Sled dogs love one thing more than anything else.
When hitched to a sled, they yip like a frenzied pack of coyotes, leap into the air and strain against the harnesses, ready to run.
The cacophony of excited sled dogs rises to a crescendo each January at a small ski hill a few miles outside Joseph, Oregon. Mushers from across the West have arrived with their teams to race their dogs in northeast Oregon’s rugged Wallowa Mountains.
The Eagle Cap Extreme is Oregon’s largest dog sled race, hosting several events over a three-day weekend. This year’s races start on Jan. 23. The longest race is 200 miles. For the sled dogs, it’s the equivalent of running 7.6 marathons in a row.
The trail rises from the ski area of Ferguson Ridge — known locally as “Fergie” — then it plunges into the Wallowa Mountains. It twists, drops, climbs again, losing and regaining a net total of almost 26,000 feet in elevation.
“We are aptly named,” said Eagle Cap Extreme president and local veterinarian Randy Greenshields. “We get a lot of mushers who come here and after they run the race they are like, ‘Now we know why you call it the extreme!’”
The 200-mile race is so challenging that it is one of the few qualifiers for Alaska’s famous Iditarod.
From sidelines to hometown hero
The start of the Eagle Cap Extreme is one of the most anticipated field trips of the year for elementary school students from across Wallowa County. Most hold hand-drawn signs with the names of their favorite mushers. Several have the name of hometown hero Morgan Anderson.
It wasn’t that many years ago that Anderson, now a college student, was one of the local kids cheering her favorite mushers from the sidelines. Growing up in nearby Enterprise, her parents brought her to the races. At the awards banquet each year she asked the mushers to sign a T-shirt.
When Anderson was in eighth grade, one of the mushers had an extra team and suggested she race his dogs. Anderson didn’t have any experience at the time and didn’t think she could simply step onto a sled and go, but a seed was planted.
“I don’t think I ever thought I could race,” Anderson says. “It was something that happened here, but I didn’t think that this was something I could ever do.”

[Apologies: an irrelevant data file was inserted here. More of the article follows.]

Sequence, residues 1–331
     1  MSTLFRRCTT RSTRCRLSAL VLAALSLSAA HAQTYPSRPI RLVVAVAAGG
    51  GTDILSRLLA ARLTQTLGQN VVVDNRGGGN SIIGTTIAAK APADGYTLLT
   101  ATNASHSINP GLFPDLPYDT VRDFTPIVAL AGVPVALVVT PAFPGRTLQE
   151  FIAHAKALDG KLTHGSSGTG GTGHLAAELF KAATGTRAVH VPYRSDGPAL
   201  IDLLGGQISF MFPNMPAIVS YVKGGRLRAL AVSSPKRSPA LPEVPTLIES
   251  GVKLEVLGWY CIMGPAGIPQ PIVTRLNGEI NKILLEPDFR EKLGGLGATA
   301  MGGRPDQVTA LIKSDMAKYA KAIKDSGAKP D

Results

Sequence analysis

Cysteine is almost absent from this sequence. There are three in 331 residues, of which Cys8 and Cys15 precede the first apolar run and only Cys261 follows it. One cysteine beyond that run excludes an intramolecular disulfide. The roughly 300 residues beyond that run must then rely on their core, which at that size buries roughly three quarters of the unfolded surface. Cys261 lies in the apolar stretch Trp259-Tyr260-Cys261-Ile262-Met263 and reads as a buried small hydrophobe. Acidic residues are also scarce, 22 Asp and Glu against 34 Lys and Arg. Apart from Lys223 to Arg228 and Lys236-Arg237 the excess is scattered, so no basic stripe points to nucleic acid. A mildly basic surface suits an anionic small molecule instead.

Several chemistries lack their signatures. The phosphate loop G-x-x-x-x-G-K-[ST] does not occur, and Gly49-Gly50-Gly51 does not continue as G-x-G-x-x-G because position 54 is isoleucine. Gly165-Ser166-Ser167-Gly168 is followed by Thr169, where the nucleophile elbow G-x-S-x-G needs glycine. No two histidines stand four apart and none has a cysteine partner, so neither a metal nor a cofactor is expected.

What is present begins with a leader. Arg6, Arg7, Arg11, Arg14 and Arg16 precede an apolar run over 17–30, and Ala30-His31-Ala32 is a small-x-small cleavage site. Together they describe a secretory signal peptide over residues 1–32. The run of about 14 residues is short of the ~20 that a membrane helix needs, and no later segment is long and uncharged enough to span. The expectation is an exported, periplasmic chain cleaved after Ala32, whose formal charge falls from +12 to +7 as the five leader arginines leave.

The following year, a musher who’d talked to Anderson’s parents once messaged her on Facebook and offered to give her a sled dog for free.
From there, with borrowed dogs, and eventually her own, Anderson built her team.
“We got a lot of books and we’re like, ‘Well we don’t know what it takes to own a sled dog.’ But now I’m glad this is what I do,” she says.
Scrappy and lovable Alaskan huskies
As Anderson hitches her team of huskies, she talks to each one, “There you go Cy-Cy … there you go Gale.” Mushers will often name their sled team after a theme; Anderson’s team is fierce weather: Cyclone, Gale, Tornado, Hurricane.
Her dogs are Alaskan huskies. They do not look like their cousins, the iconic Siberian huskies.
Siberians are what most folks think of when they hear the word “huskies.” Siberian huskies are the charismatic mega-models of the canine world — grey, black and white with glacier-blue eyes. Elegant and wolf-like, they could be on a wildlife magazine cover or star in a Disney movie.
Alaskans huskies, by comparison, are scrappy and skinny for the most part. Some are long-legged and sleek like a greyhound, some are dark on their long muzzles and pointed ear tips like a German shepherd, and some are shaggy brown like a coyote. Some look like a mix of so many breeds you’d just call them mutts.